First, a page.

Many books have and will continue to be sold on the motivations of the USA in the aftermath of the September 11th attacks, the wars in Iraq, Afghanistan and its role in the Middle East. I don’t propose to rain on their parade; I’d like to establish an alternative: What if the USA pulled out of the Middle East entirely?

When I say pull out of the Middle East entirely, I mean a complete cessation of all military, diplomatic, economic and industrial involvement in any country located in the area.

The most obvious casualty of this withdrawal would be the standing of the US in the political arena. Withdrawal sounds far too much like retreat, the US would be seen as running away with its tail between its legs. Old adversaries like Russia, North Korea and Iran would cry coward and would not be on their own.

Far too often in politics leaders have pursued a course of action to the bitter end, despite the obvious damage it has caused to their political standing. An example I have already mentioned bears this out: The US pursuit of the Iraq war despite opposition from its allies within the UN. International relations with Germany and France were set back at least 10 years by following this through. On the other side of the coin, a US withdrawal from the Middle East sphere would show that the US is willing to change, willing to embrace new ideas. This may lead to a softening of current perception about the US and its foreign policy.

In addition the US government would improve its standing at home, as withdrawing would enable it to focus on its internal strife and rid itself of the problems that it faces and ultimately may strengthen it. However, this withdrawal may lead to a backlash, as those families who lost loved ones fighting in the wars for Iraq and Afghanistan might wonder what they died for and start to question their leadership.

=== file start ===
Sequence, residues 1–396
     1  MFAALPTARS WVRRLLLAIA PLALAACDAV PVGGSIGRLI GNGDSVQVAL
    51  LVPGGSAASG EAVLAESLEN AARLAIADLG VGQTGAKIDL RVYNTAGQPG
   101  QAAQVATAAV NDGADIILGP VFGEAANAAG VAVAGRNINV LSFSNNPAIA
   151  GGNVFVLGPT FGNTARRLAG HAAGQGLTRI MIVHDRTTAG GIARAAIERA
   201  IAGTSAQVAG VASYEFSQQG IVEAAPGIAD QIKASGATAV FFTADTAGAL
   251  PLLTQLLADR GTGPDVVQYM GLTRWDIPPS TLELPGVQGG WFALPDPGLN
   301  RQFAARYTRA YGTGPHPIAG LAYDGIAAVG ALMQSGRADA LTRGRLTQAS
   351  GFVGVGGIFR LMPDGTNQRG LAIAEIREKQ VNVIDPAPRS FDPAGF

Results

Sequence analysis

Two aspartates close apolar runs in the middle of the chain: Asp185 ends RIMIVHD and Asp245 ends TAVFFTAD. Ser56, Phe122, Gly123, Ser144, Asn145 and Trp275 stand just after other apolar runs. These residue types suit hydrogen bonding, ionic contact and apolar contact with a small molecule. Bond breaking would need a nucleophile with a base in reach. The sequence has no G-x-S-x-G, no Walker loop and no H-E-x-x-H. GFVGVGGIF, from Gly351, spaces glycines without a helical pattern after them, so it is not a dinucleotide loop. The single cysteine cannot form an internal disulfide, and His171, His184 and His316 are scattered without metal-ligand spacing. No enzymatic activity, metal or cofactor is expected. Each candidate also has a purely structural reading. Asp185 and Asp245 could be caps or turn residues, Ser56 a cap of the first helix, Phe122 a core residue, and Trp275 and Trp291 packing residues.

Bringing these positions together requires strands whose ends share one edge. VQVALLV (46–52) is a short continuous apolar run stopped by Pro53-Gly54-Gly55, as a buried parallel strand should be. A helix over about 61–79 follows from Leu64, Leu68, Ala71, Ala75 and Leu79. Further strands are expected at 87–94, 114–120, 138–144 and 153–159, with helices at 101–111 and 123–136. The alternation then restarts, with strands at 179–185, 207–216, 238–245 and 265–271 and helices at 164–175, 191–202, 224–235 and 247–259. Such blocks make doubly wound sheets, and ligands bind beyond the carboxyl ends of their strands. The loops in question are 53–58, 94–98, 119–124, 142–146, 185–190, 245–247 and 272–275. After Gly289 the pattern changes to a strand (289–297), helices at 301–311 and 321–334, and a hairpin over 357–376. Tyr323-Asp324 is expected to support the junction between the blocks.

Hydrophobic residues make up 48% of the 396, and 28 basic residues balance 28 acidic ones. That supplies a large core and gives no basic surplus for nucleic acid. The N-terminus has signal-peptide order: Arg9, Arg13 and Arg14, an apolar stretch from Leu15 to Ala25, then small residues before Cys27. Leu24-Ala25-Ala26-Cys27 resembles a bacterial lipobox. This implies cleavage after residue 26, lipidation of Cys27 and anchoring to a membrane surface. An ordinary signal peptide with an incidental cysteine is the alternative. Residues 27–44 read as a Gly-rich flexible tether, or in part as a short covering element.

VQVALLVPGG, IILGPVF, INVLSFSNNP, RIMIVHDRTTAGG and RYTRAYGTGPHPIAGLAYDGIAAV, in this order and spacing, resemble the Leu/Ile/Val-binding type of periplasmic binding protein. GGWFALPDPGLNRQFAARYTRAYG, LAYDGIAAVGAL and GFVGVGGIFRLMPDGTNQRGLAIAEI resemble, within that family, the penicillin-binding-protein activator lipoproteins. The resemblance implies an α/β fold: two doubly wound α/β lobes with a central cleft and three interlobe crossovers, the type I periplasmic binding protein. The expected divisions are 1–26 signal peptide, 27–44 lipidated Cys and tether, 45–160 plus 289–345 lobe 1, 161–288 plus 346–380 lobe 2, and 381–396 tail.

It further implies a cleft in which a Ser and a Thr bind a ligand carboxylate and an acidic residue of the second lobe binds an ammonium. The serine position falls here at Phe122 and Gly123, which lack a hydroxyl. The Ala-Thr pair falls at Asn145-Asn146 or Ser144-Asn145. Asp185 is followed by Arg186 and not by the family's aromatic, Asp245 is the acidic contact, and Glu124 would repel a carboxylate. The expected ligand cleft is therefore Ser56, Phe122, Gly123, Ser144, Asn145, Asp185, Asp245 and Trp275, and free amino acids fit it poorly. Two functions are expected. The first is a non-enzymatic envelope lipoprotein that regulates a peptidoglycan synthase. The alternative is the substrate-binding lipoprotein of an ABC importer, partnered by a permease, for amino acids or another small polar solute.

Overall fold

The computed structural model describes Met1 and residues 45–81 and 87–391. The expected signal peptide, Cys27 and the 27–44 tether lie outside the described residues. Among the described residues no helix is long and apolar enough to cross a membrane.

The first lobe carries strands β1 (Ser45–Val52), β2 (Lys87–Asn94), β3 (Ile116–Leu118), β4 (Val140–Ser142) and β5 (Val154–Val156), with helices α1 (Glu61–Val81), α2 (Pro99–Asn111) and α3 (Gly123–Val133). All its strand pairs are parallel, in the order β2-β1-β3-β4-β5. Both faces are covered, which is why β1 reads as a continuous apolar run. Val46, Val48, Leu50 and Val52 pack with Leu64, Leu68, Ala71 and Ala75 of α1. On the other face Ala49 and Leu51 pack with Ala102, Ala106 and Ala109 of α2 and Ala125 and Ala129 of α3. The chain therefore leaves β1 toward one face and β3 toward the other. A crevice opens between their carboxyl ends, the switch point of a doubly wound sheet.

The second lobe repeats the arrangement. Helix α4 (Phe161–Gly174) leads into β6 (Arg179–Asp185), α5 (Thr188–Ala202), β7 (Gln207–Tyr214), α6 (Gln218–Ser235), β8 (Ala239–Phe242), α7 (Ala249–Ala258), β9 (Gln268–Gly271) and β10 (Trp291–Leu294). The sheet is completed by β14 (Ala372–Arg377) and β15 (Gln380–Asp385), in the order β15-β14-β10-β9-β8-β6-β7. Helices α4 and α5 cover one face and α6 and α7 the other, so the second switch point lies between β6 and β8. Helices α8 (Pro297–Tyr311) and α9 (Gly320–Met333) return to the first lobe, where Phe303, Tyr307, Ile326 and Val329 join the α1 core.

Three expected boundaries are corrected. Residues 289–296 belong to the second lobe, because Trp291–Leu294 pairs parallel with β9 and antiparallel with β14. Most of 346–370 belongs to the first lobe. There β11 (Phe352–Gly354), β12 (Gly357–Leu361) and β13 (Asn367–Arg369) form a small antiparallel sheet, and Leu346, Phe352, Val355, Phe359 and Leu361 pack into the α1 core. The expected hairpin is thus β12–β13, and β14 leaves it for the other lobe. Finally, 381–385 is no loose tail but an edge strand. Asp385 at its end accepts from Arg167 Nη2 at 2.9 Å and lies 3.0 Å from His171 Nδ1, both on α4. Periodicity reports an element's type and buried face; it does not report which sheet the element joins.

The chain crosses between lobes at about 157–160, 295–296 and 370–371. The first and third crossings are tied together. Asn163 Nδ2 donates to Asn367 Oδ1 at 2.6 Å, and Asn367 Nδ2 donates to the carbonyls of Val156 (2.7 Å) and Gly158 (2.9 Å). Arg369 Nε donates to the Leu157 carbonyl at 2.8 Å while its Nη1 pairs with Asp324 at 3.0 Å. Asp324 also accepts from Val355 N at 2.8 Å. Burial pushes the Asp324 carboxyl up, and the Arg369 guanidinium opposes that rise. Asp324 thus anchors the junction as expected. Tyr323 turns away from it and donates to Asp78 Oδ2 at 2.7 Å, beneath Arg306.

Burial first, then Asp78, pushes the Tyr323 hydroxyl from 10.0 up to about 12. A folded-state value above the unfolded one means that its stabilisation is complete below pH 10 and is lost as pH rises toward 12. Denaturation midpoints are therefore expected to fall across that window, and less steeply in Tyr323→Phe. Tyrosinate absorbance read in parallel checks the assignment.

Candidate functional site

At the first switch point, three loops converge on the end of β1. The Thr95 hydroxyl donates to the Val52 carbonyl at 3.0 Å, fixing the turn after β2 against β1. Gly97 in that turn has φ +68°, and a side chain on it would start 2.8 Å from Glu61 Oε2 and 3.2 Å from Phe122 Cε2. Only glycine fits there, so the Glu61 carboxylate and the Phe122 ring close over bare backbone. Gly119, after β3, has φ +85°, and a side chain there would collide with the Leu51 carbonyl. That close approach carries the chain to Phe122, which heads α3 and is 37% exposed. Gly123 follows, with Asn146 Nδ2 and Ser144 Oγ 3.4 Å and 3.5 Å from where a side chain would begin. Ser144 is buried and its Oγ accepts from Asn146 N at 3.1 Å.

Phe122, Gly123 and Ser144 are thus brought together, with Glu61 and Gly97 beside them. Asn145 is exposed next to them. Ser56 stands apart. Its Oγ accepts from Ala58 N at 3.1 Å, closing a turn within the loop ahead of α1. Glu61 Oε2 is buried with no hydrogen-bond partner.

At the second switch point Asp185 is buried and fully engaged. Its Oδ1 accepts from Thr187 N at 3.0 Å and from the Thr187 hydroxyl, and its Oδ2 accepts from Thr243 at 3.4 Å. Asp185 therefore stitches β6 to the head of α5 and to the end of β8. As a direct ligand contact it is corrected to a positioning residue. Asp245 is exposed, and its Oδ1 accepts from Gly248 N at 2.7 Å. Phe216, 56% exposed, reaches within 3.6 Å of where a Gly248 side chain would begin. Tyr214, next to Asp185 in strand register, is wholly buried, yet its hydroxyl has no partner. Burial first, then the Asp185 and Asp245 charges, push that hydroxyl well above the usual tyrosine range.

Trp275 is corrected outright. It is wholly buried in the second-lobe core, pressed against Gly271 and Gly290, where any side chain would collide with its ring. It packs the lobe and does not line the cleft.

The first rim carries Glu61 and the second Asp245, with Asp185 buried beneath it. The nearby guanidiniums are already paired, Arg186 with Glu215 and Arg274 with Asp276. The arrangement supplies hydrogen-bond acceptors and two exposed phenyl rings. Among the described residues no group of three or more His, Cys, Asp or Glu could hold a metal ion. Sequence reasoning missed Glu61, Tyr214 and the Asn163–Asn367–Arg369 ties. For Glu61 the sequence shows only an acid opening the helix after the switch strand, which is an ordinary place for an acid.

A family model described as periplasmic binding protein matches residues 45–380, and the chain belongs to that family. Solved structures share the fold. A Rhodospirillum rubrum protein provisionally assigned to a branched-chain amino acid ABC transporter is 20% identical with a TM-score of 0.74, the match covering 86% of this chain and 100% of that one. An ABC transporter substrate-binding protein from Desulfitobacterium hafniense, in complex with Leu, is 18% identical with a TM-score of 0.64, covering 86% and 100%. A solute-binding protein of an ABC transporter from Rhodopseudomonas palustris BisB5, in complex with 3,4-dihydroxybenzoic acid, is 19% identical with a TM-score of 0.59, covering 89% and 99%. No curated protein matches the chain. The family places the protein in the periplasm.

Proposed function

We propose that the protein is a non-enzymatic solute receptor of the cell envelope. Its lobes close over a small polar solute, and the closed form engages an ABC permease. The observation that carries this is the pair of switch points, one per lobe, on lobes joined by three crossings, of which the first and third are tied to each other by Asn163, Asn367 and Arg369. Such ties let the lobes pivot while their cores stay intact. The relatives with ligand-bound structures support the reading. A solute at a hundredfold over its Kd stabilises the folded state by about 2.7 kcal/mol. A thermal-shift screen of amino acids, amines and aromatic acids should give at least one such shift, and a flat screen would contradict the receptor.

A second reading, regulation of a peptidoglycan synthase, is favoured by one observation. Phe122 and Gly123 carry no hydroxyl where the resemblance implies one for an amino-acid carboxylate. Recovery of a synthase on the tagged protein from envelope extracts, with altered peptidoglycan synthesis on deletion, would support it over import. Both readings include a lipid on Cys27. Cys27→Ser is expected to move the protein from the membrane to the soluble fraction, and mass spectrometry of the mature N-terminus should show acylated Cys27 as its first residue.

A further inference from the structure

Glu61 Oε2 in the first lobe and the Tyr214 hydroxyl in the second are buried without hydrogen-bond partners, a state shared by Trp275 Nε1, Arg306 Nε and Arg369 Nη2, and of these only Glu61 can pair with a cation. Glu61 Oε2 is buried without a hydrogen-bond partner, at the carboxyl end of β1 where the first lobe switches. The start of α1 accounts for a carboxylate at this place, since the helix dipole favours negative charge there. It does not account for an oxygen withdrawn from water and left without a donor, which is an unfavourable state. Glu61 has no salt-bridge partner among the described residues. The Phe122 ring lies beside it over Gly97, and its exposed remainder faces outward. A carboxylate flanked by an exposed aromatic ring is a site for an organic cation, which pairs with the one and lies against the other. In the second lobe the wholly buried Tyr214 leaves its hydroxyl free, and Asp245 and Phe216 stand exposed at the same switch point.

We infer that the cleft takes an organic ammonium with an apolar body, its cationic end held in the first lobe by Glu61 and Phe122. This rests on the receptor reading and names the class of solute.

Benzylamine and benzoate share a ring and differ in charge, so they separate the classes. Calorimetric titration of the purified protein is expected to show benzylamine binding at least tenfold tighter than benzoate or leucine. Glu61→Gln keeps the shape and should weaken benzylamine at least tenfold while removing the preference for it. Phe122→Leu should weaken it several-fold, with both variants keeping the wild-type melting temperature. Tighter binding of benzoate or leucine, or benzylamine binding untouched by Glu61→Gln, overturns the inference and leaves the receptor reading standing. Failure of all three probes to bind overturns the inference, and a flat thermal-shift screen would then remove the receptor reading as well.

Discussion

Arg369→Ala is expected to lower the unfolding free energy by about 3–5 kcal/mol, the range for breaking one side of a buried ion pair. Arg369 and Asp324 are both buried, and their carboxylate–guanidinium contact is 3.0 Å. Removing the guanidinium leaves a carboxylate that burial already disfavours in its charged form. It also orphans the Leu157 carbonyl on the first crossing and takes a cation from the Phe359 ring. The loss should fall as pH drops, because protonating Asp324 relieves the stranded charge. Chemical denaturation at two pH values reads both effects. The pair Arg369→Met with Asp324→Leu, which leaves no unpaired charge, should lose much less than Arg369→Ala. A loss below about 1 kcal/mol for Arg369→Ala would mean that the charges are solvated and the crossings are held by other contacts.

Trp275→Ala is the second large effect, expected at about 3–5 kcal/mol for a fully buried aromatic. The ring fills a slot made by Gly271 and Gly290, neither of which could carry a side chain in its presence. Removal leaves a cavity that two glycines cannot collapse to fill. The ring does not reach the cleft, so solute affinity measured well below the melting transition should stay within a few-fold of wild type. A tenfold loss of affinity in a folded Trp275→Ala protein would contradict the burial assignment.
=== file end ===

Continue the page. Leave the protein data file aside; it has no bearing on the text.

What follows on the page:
The US army currently has 21,374 personnel in seven countries across the Middle East at its various military bases. This figure does not include the 28,970 currently stationed in Afghanistan, as most of these are due to return to the US by the end of the year, leaving a small residual force in the country until the end of 2016. The withdrawn personnel could be reallocated to conflicts closer to home, such as assisting the Mexican government in its battles against the cartels or defending the shipping lanes currently under threat from Somali pirates in the horn of Africa.

Ceasing economic intervention in the Middle East would save the US government on average 17.7 billion dollars in foreign aid payments. Money which could be reallocated to solving the US debt crisis, the redevelopment of New Orleans after Hurricane Katrina, the strengthening of disease management infrastructure, the list goes on. It could also pay these funds to less developed countries than those currently enjoying US aid.

Industrially, the US would lose its guarantees to Middle Eastern oil, which currently comprises two thirds of the worlds overall reserves. These guarantees are mostly bought with a combination of aid and military support which would cease. Although the loss of these guarantees would be a body blow to US industry, it would stem the US overdependence on this resource, allowing monies which would have been spent on oil to be spent on developing fledgling energy sources such as fracking and re-evaluating Nuclear power.